In its seventy-five-year history, the NHS currently is under some of the toughest circumstances. The coronavirus outbreak is only a peripheral challenge when it comes to the National Health Service's years-long struggles with poor arrangements and persistent underfunding.

The workforce of the NHS is undoubtedly its most significant asset. However, it is currently experiencing a protracted labour turmoil that is being fuelled by long periods of deficient funding in hiring and training new employees, poor personnel organising, and an absence of federal responsibility. Consequently, there is a perpetual loop of increasing requirements, diminishing employee satisfaction, and inadequate staffing retention. An ongoing issue that antecedes the coronavirus outbreak is the persistent plethora of open positions in the NHS.

With almost 50,000 open positions, nursing continues to have the highest percentage of vacancies. A great deal of practitioners provides health care, therefore nurse shortfalls immediately affect the National Health Service, which means current workers are compelled to take on a heavier workload. A high percentage of labour turnover rates result from copious unfilled positions because they foster settings of ongoing stress, which puts more strain on the remaining workforce.

Before COVID-19, however, the expansion of healthcare investments lagged behind demand and was significantly lower than the long term average. The National Health Service was ill-equipped for a severe health catastrophe like the Coronavirus, despite the fact that more and required funds have been granted. Restoring the Healthcare service to a maintainable state will require time and money.

The NHS has become an inconvenience due to ongoing staff shortages and rising workloads because of bureaucracy. It has become much more challenging to keep the doctors we do have by dealing with substantial problems such as years of dismal salary decline as well as harsh pension tax requirements.

The mismatch between supply and demand is causing the crisis in the NHS. Supply of healthcare in the NHS is constrained by workforce problems such as higher numbers of staff off sick, early retirements – including those caused by pension problems for doctors – as well as Brexit and lower immigration during the pandemic. The best evidence for the size of the workforce crisis is the number of vacancies in the NHS: the latest data shows that there are 133,446 vacancies, which is 9.7% of the NHS workforce.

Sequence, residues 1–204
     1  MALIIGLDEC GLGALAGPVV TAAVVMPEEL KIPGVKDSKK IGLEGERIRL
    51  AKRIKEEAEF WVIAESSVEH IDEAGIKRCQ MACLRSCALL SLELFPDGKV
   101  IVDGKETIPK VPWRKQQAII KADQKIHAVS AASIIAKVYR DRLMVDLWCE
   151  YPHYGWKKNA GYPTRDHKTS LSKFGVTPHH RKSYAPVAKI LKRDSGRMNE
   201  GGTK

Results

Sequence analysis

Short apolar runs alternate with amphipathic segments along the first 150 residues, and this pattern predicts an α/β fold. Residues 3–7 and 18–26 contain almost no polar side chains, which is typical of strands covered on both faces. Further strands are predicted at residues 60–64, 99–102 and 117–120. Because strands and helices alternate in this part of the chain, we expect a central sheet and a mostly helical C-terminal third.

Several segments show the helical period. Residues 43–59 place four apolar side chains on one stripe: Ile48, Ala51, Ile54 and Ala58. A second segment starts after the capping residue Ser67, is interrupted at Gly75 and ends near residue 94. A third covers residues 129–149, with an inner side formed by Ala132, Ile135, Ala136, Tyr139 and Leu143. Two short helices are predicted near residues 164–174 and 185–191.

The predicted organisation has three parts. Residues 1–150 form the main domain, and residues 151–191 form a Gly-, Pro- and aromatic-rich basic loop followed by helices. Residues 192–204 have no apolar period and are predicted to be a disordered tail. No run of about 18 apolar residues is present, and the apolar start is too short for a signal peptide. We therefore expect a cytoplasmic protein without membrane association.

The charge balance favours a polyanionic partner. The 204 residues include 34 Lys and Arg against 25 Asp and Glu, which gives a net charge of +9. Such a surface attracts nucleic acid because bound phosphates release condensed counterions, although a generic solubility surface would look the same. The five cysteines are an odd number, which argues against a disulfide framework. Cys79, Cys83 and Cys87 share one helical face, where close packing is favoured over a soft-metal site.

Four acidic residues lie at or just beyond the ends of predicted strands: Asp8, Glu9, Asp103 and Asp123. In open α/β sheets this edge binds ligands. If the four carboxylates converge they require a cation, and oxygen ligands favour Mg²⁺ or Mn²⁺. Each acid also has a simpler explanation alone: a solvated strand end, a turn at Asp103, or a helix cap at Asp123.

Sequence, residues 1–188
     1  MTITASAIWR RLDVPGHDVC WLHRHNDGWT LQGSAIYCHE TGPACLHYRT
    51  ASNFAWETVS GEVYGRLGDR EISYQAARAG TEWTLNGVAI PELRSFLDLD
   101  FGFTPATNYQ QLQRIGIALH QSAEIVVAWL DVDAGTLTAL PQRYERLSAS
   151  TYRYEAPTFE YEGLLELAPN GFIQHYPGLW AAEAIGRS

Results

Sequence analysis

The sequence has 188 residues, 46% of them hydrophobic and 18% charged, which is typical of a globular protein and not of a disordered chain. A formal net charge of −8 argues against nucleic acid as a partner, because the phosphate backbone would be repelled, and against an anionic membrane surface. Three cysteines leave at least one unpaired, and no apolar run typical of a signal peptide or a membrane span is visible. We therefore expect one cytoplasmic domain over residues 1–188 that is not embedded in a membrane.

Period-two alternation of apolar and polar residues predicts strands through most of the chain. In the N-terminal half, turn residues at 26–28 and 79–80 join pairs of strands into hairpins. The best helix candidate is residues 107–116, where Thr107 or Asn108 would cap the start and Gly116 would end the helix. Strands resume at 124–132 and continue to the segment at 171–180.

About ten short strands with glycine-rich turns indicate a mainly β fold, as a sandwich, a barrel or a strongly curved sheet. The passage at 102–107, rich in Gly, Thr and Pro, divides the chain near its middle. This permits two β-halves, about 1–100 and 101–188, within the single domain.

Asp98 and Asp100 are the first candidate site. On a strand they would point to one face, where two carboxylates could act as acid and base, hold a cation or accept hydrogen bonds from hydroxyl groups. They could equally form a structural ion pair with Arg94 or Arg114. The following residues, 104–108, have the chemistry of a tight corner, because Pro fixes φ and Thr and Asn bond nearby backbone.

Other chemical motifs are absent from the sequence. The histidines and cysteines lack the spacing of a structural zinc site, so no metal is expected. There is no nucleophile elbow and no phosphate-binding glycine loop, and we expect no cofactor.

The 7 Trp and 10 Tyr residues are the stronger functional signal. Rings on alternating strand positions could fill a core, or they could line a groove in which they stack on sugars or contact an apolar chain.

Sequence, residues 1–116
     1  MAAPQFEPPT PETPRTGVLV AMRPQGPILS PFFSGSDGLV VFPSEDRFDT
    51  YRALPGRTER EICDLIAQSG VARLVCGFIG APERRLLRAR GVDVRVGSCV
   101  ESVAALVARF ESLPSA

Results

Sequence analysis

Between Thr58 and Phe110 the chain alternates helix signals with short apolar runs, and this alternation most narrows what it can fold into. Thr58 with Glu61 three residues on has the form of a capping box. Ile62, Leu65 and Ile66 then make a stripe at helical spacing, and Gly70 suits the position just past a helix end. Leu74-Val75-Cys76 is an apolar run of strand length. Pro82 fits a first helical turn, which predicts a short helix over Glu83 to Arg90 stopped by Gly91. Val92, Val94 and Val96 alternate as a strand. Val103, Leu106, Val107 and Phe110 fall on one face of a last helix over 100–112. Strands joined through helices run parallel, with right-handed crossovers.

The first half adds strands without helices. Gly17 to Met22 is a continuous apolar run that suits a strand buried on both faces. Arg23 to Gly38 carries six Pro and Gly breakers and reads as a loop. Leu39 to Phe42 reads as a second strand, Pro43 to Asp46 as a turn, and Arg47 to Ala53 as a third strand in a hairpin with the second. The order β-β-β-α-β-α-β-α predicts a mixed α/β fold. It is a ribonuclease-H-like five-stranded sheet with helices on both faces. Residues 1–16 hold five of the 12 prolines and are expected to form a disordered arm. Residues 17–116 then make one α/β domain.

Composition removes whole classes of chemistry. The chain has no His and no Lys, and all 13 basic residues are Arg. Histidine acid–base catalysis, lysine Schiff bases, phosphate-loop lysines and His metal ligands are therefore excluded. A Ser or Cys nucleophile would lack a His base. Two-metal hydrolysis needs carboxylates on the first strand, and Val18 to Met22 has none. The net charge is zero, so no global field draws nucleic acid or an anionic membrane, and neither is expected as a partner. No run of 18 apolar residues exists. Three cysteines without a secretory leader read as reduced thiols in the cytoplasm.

The picture is particularly bad among nurses with 47,496 vacancies or 11.9% of the total nursing workforce. High vacancy rates are not caused by a lack of funding per se, as a vacancy implies there are funds available to recruit additional staff. But financial issues like declining real pay for nurses make it harder to attract young people into nursing, and probably more importantly, to retain them in the profession in the long term. This conveys a discrepancy within the market equilibrium which must be counterbalanced swiftly to avoid any more turmoil.

The NHS’s ability to provide its service is limited because of issues with its workforce, including increasing absentee rates, Brexit and fewer immigrant employees due to COVID. The quantity of open positions, which represents almost 10% of its workforce according to the most recent data, is the strongest indicator of the severity of the staffing issue. With a plethora of open positions of 11.9% of the nursing workforce, the situation is especially dire for nurses.

Since open positions may indicate that finances are sufficient to high more employees, high absenteeism is not directly related to a lack of financing. However, monetary difficulties like the diminishing net income for nurses necessitate increased difficulties to recruit junior employees in the burning field and, more imperatively, keeping them in the field over the long haul.

One way to resolve this issue would be attempts to branch out the labour force, examining statistics on the health workforce also reveals a glimmer of hope. To simplify the process for health and social care professionals to migrate the UK, the government initiated the NHS visa in the middle of 2020 in anticipation of the transition stage or Brexit approaching its conclusion.

This was because of the realisation of the strains on the NHS’s personnel and the initial consequences of Brexit, which made it more difficult for Europeans to immigrate to the UK. From 2020 to 2021, the proportion of visas supplied was significantly low, however, in 2022, the quantity of visas that were supplied began to increase significantly, rising from 30,000 in the second quarter to over 45,000 in the third. In addition to this, the possibility of a salary agreement for healthcare professionals that assists in retaining current employees and put an end to future strikes could be an additional promising factor.